Politics Today: the end of busing for desegregation in Denver

October 04, 1995|By JACK GERMOND & JULES WITCOVER

DENVER -- After 21 years of court-ordered school busing, the concept of neighborhood schools is on the way back in the Mile High City, but not without some concerns among Denver's minority groups.

''I greet it with tempered happiness,'' says Aaron Gray, president of the city's school board, of a federal district judge's ruling barring further busing to combat racial discrimination. The judge found last month that the Denver public school system has satisfactorily eradicated ''vestiges of past discrimination . . . to the extent practicable.''

Mr. Gray, 36, who is also pastor of the Scott United Methodist Church, says U.S. District Judge Richard Matsch ''recognized that the Denver of 25 years ago is no longer the Denver of today.'' The city has a black mayor, Wellington Webb. The judge said, ''People of color are not bystanders. . . . There is little danger they will permit the public schools to deny them full participation.''

Tempered optimism

Still, Mr. Gray says, ''my view is tempered as an African-American. I hear the concerns of my elders. They fear a return to separate and unequal.'' They remember, he says, dilapidated schools for blacks and woefully inadequate books and supplies, and they fear backsliding.

Wilfred Keyes, a retired chiropractor who brought the original suit that led to the court order to desegregate, says he also has such fears ''in the back of my mind.'' In going to court back in the '70s, he says, ''I stood up for quality education for all schools. I didn't stand up for busing. But [black] neighborhood schools then were inferior. Now it's not that way.''

Mr. Gray says the judge's decision is an opportunity to build better public education because ''it returns the schools to the Denver community'' rather than keep them under court order. Judge Matsch also upheld a 1974 amendment to the Colorado constitution barring school busing to achieve racial balance, apart from ending discrimination.

One reason Mr. Gray is optimistic is that the ruling could provide a boost for a proposed property tax levy on the Nov. 7 ballot for improving the schools; it has been trailing in the polls because much of the public is dissatisfied with the current school board. ''I think the outlook has improved,'' he says, ''because now people will be voting for schools in their neighborhoods.''

At recent public forums on the tax proposal, however, some voters have continued to oppose it, saying that the school board should not be given more money until it proves it can be more effective in improving public education.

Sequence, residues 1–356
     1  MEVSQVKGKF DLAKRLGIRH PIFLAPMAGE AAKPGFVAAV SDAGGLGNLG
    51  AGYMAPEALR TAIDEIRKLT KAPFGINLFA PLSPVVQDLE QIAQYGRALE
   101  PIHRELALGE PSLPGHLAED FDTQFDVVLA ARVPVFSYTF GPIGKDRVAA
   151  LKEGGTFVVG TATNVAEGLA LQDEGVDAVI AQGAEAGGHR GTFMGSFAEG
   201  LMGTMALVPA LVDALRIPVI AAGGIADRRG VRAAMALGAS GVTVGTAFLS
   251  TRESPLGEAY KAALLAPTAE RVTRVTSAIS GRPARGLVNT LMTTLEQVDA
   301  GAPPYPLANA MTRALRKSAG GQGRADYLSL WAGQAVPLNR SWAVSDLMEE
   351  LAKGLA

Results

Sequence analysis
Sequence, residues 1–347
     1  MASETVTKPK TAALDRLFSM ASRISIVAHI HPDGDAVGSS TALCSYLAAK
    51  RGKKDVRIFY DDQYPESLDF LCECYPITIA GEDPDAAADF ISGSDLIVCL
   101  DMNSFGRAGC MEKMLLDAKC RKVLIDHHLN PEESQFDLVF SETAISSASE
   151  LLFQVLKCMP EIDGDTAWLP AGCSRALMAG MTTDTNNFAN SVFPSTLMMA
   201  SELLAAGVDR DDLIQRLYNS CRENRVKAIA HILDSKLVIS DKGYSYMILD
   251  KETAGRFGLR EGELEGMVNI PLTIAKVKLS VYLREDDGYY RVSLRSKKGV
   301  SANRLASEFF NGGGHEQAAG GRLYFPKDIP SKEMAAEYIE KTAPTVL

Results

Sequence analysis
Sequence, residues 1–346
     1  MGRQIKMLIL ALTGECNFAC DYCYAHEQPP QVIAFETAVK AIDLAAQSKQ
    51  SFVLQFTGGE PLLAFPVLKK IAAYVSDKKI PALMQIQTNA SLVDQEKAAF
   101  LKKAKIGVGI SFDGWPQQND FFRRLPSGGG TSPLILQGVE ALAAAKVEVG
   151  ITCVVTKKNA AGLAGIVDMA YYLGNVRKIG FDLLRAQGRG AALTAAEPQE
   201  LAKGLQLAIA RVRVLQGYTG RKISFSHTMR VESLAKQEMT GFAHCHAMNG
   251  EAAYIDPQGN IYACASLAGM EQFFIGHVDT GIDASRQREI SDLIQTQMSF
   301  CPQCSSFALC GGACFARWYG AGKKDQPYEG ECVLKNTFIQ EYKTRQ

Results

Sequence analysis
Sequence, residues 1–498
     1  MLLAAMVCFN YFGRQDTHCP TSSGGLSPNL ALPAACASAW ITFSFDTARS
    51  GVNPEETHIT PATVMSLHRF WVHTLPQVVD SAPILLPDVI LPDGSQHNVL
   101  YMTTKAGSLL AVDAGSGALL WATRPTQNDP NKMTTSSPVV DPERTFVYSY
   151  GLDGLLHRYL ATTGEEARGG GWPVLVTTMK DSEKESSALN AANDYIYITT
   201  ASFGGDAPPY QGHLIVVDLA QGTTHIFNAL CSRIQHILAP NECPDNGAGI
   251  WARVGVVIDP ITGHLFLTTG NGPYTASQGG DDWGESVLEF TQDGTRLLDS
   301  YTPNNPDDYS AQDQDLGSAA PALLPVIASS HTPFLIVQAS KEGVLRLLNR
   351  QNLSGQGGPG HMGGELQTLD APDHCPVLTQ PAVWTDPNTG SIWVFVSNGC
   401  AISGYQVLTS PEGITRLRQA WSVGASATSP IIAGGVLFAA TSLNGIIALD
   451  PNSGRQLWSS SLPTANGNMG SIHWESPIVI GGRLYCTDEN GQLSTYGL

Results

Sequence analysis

Both enrollment and busing have dropped sharply in Denver's public schools since the start of mandatory busing in 1974. Then, there were 85,000 children in the system, of whom 23,000 were being bused to crack segregation. Enrollment now is 63,000, of which about 45 percent are Hispanic, 29 percent white and 21 percent black.

While the end of busing to combat racial discrimination and to achieve racial balance is being hailed by many as a sign that Denver has achieved a new maturity in dealing with race, black leaders vow to remain vigilant.

NAACP to monitor

The Rev. Gill Ford, chairman of legal redress for the Denver chapter of the NAACP, says his group will be monitoring the restructuring of the system, including the redrawing of lines for various schools in the coming months.

Mr. Gray says one of the most important aspects of the decisions by the federal judge is that they will enable the school board and the community to focus more squarely on the `D question of the quality of education for all of Denver's students, which is the basis on which support for the Nov. 7 tax vote is being sought.

Sue Casey, a city councilmember, says Denver ''is at a crossroads'' as a result of the end of busing. ''It is going to give the city a chance to see what it can do'' without court supervision, she says. She suggests that a return to more neighborhood schools should generate greater parental involvement in them and bring more middle-class whites into the system.

The court ruling isn't expected to mean an instant death for busing, because the current school assignment plan is complex. School Superintendent Irv Moskowitz has said only that dramatic changes can be expected by next fall. Meanwhile, the Denver experience doubtless will be watched by school systems around the country still under court orders to bus students.

Jack W. Germond and Jules Witcover report from The Sun's Washington bureau.

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